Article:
At least once a month, GFAS receives an email that basically says “I love animals and want to start a sanctuary. Can you please let me know how to start?”

One thing I personally hope that GFAS does is provide people with a more realistic assessment of how much skill is really needed to run a successful sanctuary. Many of you did it the hard way, the only way at the time, building your sanctuary from the ground up with limited preparation or guidance. And succeeded. A few still do so today. I visited one successful director awhile ago.  In the early years of the organization, she/he was already out meeting with major donors, and today has a huge mailing list for fundraising, built with the help of a professional fundraising company. The organization just added more acres to their property and has the funds in hand to begin building, in this economy, in rural America. The organization is just over 10 years old now. It all began with one person and one animal, as it usually has in the past.

However, just as it is now more difficult to open a retail store with no background in business than it was in 1910, 1970, or even more recently, so too is it harder to start and run a successful sanctuary today.  And it was never EASY. In contrast to the visit to the 10+ year old facility, I visited one that has been in operation for several decades, still struggling on minimal leased acreage.  The director is extremely dedicated, but in actual practice has never made the leap from the role of animal care director to executive director, except for the minimum amount of time needed to stay afloat.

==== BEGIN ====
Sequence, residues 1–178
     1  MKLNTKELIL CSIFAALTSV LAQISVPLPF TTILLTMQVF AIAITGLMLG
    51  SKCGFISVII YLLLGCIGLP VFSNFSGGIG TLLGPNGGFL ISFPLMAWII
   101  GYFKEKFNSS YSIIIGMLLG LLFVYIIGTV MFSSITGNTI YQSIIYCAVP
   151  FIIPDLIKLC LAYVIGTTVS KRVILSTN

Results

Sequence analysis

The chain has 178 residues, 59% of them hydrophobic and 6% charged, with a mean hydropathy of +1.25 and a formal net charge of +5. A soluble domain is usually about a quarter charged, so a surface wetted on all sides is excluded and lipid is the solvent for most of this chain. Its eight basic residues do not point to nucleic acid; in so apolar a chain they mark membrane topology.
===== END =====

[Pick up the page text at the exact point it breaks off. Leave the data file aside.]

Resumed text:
Today, a logical career path might be: Running a nonprofit dog/cat shelter, well-established, learning the ins and outs of working with a board, direct mail, online fundraising, major donor cultivation, volunteer/staff oversight, risk management, disaster preparedness, etc….then starting a sanctuary, with initial major donors lined up ahead of time; or interning at a sanctuary, or being employed by one, as you get your degree in nonprofit management, and then starting a branch of the successful sanctuary; or leading a successful nonprofit such as a hospital, then being hired by a large, established sanctuary as the new executive director.

For those of you with thriving sanctuaries, one of the greatest gifts you can give to the animals is  welcoming  those interested in starting a sanctuary, and allowing internships, developing a strong second-in-command, considering a branch facility under trained, new leadership, and networking with nonprofit leaders in other fields to let them know the sanctuary world needs them and provides rewards beyond their imagination.  I see many of you doing that right now, and the animals thank you!